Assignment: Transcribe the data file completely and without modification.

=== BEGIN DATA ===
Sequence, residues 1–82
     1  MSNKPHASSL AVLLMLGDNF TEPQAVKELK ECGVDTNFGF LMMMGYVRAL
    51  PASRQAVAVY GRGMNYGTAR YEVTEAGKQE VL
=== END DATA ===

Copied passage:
Sequence, residues 1–82
     1  MSNKPHASSL AVLLMLGDNF TEPQAVKELK ECGVDTNFGF LMMMGYVRAL
    51  PASRQAVAVY GRGMNYGTAR YEVTEAGKQE VL